The viburnum leaf beetle, an invasive insect that feeds on viburnum plants, has been found for the first time in Minnesota.

A resident of Eden Prairie first noticed an insect feeding on arrowwood viburnum leaves and reported the find in June to the Minnesota Department of Agriculture, or MDA. MDA staff inspected the area and collected samples for analysis. The United State Department of Agriculture, or USDA, determined the insect was the viburnum leaf beetle.

The beetle is an invasive insect native to Europe and is currently found in the northeastern United States and Wisconsin. It feeds exclusively on species of viburnum and can defoliate the plant. Repeated defoliation weakens the plant over time and can eventually kill viburnum.

“The insect was able to somehow hitch a ride from outside Minnesota and find it’s way to the Twin Cities metro area; however, we may never know exactly how it got here,” said Angie Ambourn, Supervisor of the MDA’s Pest Detection Unit. “Unfortunately, this is yet another example of the ease at which invasive insects, plants, and diseases can quickly spread throughout the U.S. and the world.”

The larvae of the viburnum leaf beetle are yellow to light brown with black spots and dashes on their bodies. They chew holes in the leaves in a pattern that is very similar to Japanese beetles. Adult insects lay eggs along the twigs in egg pits that are easily seen with the naked eye.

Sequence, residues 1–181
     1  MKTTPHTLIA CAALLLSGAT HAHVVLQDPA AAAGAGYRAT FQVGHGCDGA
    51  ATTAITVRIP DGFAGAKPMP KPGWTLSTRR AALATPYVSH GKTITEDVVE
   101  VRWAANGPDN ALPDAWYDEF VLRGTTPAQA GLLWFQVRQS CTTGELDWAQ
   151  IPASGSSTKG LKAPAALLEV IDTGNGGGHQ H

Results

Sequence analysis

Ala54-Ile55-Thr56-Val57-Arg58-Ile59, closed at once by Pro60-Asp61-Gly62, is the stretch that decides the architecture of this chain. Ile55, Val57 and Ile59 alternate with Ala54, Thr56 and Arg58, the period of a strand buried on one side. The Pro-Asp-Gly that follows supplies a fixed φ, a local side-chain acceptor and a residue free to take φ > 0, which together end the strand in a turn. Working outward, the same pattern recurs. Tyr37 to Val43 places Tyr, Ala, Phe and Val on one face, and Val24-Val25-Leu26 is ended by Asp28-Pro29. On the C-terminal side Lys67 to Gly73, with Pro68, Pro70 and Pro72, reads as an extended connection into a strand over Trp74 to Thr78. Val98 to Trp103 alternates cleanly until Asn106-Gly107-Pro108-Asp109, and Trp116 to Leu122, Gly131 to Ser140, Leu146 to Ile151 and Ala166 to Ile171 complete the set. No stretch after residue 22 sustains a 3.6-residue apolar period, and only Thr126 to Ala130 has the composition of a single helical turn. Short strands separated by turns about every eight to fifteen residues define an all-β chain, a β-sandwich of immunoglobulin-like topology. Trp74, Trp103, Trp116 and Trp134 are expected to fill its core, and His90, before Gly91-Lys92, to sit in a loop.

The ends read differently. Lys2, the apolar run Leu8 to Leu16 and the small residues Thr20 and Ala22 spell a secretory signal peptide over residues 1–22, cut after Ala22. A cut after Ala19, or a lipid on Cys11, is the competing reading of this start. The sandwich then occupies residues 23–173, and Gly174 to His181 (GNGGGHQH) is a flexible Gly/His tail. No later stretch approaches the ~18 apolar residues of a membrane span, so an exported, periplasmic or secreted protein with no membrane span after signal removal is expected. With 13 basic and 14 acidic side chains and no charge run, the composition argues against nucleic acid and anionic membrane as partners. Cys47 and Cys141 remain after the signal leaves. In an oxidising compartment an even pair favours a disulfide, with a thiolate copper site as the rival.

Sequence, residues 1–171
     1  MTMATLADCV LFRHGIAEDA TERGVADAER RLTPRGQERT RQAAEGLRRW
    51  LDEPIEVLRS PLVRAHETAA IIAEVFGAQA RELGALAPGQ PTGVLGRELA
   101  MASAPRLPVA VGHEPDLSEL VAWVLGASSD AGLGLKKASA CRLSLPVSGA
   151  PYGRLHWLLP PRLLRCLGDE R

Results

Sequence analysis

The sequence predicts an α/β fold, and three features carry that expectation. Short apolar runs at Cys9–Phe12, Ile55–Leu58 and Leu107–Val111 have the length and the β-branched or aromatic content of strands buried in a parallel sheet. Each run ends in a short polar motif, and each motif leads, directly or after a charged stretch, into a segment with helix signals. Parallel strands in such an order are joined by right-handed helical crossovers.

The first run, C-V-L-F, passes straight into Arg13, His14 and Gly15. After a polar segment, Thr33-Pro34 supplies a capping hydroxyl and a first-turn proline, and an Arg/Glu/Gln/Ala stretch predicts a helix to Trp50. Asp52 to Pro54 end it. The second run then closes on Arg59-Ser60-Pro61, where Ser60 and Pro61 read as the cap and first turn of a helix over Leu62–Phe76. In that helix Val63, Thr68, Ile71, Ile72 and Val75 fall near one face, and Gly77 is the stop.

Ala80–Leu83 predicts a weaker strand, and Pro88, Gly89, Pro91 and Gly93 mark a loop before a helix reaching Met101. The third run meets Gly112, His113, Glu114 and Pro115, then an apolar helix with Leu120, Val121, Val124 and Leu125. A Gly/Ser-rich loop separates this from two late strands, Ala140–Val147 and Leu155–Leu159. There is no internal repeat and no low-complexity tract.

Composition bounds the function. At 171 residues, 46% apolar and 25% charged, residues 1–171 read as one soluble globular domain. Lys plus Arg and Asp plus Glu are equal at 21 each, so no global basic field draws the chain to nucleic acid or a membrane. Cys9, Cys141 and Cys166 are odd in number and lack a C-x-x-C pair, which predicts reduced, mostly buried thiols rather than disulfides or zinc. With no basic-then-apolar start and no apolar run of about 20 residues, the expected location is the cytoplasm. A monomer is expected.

There are several ways to control the spread of the viburnum leaf beetle. Homeowners and landscapers can select viburnum varieties that are resistant to the insect. Pruning and destroying infested twigs is also an effective control method. There are also chemicals available.

“It’s important that we get an understanding of where this insect may be in Minnesota and how big of an issue this is to homeowners,” said Ambourn.

There are several ways residents can report suspected viburnum leaf beetles to the MDA.

  • Send in photos, location, and other info via Arrest the Pest ( or 1-888-545-6684);
  • Report finds to EddMaps online; or,
  • Use the Great Lakes Early Detection Network, GLEDN, app for Android and IOS operating systems.

More information on viburnum leaf beetle can be found at the University of Wisconsin’s website.

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